Elizabeth Roache stated that she was in company with Duffy on the evening in question; after Duffy left the accused obtained from her both their names and addresses, and threatened to giver certain information to her parents unless she consented to certain improper proposals.

    The prisoner made no statement and reserved his defence. He was committed for trial to the next Quarter Sessions, bail being allowed in his own recognisance of £100 and two sureties of £50 each.

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The Sydney Morning Herald, Sat 20 Sep 1890 7

LIST OF CASES FOR QUARTER SESSIONS.

    The following is the list of cases for the Quarter Sessions, to commence in Sydney on Monday:

    Denis [aka Dennis] Hockey, threatening to accuse of a crime.

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The Daily Telegraph, Tue 14 Oct 1890 8

QUARTER SESSIONS.
MONDAY, OCTOBER 18.
(Before Judge Murray.)

    Mr WL Merewether prosecuted on behalf of the Crown.

ALLEGED BLACKMAILING.

    Dennis Hockey was charged with having on September 2 last threatened to accuse Joseph Duffy of having committed an offence against decency in a public place with intent thereby to extort and gain money from the said Joseph Duffy. Mr Passmore (instructed by Mr JW Abigail) appeared for the accused, who pleaded not guilty. The evidence for the prosecution was that on August 30, between the hours of 11 and 12 o’clock at night, a cab was driven into the Centennial Park, containing the proprietor of the cab, Duffy (the present prosecutor) and a young girl, the vehicle being driven by a stranger. Duffy and the girl alighted in the park, and soon afterwards the accused, who is a watchman connected with the park, came upon the scene and Duffy ran away. Accused told the girl that unless Duffy paid him £2 by a certain date he would lay an information charging both with indecency. Duffy subsequently, on September 2 saw the accused and gave him a marked £1 note, and promised to give him another. A constable was in attendance and the accused was arrested, however. For the defence it was submitted that the accused accepted the £1 so as to be better able to identify Duffy and ultimately secure his arrest and conviction for indecency. The parties were in fact simply setting a trap for each other. The jury retired at 4.25 pm.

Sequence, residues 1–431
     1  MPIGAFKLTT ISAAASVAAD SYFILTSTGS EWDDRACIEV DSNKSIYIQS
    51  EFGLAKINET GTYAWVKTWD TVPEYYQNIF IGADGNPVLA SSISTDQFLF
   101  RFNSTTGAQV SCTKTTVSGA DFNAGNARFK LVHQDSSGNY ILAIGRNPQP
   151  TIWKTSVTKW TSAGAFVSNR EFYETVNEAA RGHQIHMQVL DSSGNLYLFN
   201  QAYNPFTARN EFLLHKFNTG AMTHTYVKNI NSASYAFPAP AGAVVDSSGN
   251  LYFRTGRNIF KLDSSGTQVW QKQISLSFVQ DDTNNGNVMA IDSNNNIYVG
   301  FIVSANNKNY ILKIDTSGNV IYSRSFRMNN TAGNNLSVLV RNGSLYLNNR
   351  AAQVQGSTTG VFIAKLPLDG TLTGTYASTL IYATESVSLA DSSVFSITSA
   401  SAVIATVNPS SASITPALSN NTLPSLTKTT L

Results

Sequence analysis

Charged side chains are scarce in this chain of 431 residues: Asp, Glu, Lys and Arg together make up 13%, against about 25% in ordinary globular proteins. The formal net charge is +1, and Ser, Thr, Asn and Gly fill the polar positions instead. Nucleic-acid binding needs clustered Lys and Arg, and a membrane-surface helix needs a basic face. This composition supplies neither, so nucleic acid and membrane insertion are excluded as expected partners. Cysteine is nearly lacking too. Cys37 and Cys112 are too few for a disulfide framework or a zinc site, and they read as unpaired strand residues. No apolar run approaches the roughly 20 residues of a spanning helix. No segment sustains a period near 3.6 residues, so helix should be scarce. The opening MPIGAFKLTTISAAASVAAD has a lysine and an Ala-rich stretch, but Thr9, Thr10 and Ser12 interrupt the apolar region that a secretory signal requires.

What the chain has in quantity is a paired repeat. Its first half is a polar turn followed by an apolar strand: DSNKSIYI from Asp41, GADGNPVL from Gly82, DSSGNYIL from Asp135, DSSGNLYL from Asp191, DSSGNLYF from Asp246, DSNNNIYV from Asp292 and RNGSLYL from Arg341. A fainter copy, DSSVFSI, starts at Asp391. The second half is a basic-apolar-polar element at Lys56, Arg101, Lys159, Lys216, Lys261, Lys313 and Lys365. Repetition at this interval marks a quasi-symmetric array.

After about an hour’s consideration they returned into court with a verdict of not guilty and the accused was discharged.

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Evening News, Tue 14 Oct 1890 9

SETTING A TRAP.
————

    At the Quarter Sessions yesterday Dennis Hockey pleaded not guilty to an indictment charging him with having threatened to accuse Joseph Duffy of having committed an act of indecency in a public place with intent to extort money from him. He was defended by Mr Passmore, instructed by Mr JW Abigail. For the Crown it was stated on the night of August 30 the prosecutor took a young woman in the Centennial Park. The prisoner approached them and said he was a special constable, and if he was not squared would take out a warrant for Duffy’s arrest on a charge of committing an offence against decency. The prosecutor saw the prisoner a day or two subsequently, and acting on the advice of a constable he gave Hockey as “hush money” a £1 note, which had been previously marked, and this was found in his possession when he was arrested shortly after. For the defence it was submitted that the accused accepted the £1 so as to be better able to identify Duffey [sic] and ultimately secure his arrest and conviction for indecency. The parties were in fact simply setting a trap for each other. The jury found the accused not guilty, and he was discharged.

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The Sydney Morning Herald, Tue 14 Oct 1890 10

METROPOLITAN QUARTER SESSIONS.
MONDAY.
(Before his Honor Judge MURRAY.)

    Denis [aka Dennis] Hockey was charged with having, on September 2, 1890, threatened to accuse Joseph Duffy of having committed an offence against decency in a public place, with intent thereby to extort money from him.

    Mr Passmore , instructed by Mr JW Abigail, appeared for the prisoner.

    The facts in this case briefly were that the accused, who is a special constable or watchman, had extorted money from the prosecutor as a payment for his neglecting to inform the authorities of an immoral act committed by the prosecutor in the Centennial Park. The prosecutor had handed to him a £1 note, which had previously been marked in the presence of a detective, and was found in Hockey’s possession when arrested.

    For the defence it was stated that, though the £1 was undoubtedly received from the prosecutor, it was only with a view to more easily identifying him later on. Evidence was called to show that, that previous to this charge being laid, the accused had borne a very high character.

    The jury, after a brief retirement, found a verdict of not guilty, and the prisoner was discharged.

 


1     Evening News, (Sydney, NSW), Thu 4 Sep 1890, p. 2.

2     Barrier Miner, Fri 5 Sep 1890, p. 3.

3     Evening News, (Sydney, NSW), Sat 6 Sep 1890, p. 4. Emphasis added.

4     Singleton Argus, Sat 6 Sep 1890, p. 2.

5     The Sydney Morning Herald, Sat 6 Sep 1890, p. 12. Emphasis added.

6     The Maitland Mercury and Hunter River General Advertiser, Tue 9 Sep 1890, p. 7. Emphasis added.

7     The Sydney Morning Herald, Sat 20 Sep 1890, p. 12.

8     The Daily Telegraph, Tue 14 Oct 1890, p. 3.

9     Evening News, (Sydney, NSW), Tue 14 Oct 1890, p. 3.

10   The Sydney Morning Herald, Tue 14 Oct 1890, p. 3.